- Published: June 27, 2019
Sigalia Cannon died June 12, three days before her 78th birthday. She has had cancer for the past four-and-a-half years, but until the last few months, she lived her normal life. The cancer accelerated enormously in the last weeks, and she died in her sleep during her first night in hospice care.
Sigalia (Cordelia Dostrovsky) was born in Hertford, UK, but she lived in Aberystwyth and Bangor up to the age of seven. Her parents had been students in London, but evacuated to Wales because of the war. Her father was born in Russia, but grew up in Jerusalem; her mother was born in England, but grew up in Paris.
The family, now living in Toronto with newborn brother Jonathan, moved to Israel in 1948. Except for a year in Long Island, N.Y., Sigalia had her pre-college education there, and she served in the Israeli military as a weather forecaster. (This was before the Six-Day War, when a fair solution with the Palestinians still seemed possible.) After her military service, she came to the U.S. and went to college at Vassar, then to graduate school at Princeton where she got a Ph.D. in the history of science.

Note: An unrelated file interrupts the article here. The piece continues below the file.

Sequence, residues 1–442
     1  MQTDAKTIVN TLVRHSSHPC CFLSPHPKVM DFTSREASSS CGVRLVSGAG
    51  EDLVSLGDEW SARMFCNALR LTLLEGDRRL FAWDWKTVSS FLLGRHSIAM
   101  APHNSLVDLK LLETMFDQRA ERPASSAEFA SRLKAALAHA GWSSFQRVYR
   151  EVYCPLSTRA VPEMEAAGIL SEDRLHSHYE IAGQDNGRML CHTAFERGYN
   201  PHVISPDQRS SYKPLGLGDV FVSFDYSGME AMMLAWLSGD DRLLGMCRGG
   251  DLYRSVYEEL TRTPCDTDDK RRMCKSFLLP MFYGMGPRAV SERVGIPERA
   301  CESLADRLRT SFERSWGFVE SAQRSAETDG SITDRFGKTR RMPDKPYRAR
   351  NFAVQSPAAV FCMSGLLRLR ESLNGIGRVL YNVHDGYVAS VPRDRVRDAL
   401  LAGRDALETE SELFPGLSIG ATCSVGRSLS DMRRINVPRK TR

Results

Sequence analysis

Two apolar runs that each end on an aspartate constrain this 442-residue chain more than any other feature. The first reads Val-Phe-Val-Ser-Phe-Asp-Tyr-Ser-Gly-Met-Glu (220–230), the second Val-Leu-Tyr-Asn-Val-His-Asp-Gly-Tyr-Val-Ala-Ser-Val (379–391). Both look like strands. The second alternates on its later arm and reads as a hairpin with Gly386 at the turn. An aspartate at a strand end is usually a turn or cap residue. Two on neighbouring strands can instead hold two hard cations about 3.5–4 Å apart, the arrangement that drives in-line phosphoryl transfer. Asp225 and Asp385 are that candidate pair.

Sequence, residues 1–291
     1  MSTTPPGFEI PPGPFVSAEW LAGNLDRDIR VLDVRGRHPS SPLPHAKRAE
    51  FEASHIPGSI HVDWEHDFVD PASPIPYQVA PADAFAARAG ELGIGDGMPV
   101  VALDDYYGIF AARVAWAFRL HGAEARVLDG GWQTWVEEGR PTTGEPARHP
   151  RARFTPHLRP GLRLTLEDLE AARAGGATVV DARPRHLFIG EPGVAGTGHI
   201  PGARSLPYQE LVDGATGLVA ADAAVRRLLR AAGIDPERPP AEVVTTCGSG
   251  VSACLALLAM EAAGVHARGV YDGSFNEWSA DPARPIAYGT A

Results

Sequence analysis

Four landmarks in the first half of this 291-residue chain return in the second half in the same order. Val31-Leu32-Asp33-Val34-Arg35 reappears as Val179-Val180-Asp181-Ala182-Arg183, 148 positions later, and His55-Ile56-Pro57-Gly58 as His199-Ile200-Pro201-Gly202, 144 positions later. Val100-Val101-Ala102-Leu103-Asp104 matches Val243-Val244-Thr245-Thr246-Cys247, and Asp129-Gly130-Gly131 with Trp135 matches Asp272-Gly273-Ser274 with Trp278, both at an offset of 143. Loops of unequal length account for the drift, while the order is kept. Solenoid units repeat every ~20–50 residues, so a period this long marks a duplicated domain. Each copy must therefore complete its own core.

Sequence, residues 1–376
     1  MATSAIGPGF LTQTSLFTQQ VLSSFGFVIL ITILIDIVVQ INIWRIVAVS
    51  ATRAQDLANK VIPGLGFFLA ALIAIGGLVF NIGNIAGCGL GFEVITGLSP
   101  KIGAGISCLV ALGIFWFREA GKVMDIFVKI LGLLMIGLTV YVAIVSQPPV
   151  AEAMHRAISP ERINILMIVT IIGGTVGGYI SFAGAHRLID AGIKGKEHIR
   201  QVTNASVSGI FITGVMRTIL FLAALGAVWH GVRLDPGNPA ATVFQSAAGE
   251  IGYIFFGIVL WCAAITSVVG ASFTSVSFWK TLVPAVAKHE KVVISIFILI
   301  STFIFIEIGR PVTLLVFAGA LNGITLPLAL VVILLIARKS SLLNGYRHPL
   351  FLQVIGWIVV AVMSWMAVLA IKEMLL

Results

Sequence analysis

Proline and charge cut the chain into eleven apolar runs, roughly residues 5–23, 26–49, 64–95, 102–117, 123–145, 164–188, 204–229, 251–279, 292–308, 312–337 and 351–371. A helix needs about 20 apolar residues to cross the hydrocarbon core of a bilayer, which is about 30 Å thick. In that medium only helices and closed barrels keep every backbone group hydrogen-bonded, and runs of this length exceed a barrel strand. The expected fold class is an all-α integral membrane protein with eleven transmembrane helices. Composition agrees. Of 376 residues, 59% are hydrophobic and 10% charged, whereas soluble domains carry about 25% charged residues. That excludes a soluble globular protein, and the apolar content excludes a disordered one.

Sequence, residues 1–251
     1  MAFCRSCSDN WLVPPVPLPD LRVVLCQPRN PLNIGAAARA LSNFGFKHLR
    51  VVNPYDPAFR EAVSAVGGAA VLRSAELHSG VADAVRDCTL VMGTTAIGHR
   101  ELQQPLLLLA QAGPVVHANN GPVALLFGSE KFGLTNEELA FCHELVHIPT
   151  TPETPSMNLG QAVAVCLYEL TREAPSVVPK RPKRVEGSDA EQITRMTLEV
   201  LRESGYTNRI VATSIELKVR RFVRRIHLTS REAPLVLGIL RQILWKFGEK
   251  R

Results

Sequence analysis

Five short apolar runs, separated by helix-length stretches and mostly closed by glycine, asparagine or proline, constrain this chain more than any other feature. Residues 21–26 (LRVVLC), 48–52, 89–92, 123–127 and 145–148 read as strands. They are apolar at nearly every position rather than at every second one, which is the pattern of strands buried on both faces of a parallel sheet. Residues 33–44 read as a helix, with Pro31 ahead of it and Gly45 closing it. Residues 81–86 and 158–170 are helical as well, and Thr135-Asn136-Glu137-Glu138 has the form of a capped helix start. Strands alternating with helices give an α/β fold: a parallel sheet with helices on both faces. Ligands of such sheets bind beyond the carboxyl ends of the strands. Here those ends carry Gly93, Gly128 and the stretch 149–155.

It was at Princeton that she met me, her husband of 51 years. We spent a decade in academia, mostly in Boston and New York. She taught history of science at Worcester Polytechnic Institute and then at Barnard College.
But she wanted to buy a house, and didn’t find academia congenial. We bought one in Yellow Springs and spent vacations renovating and renting it. That was the beginning. We moved to Yellow Springs in 1977, bought another house and renovated it, also helping my parents with their apartment business. Sigalia and I worked together in several domains: She played piano, and we performed together at the Dayton Art Institute and other places; we published a book on 17th-century history of science with Springer-Verlag; we traveled, mostly in France; we built our house together; we’ve worked on establishing a forest near town; we’ve done dog training, getting AKC titles. Most Sundays, she’s painted with Sherraid Scott, one exhibit being “Shared Views” at the Arts Council.
Needless to say: She’ll be missed.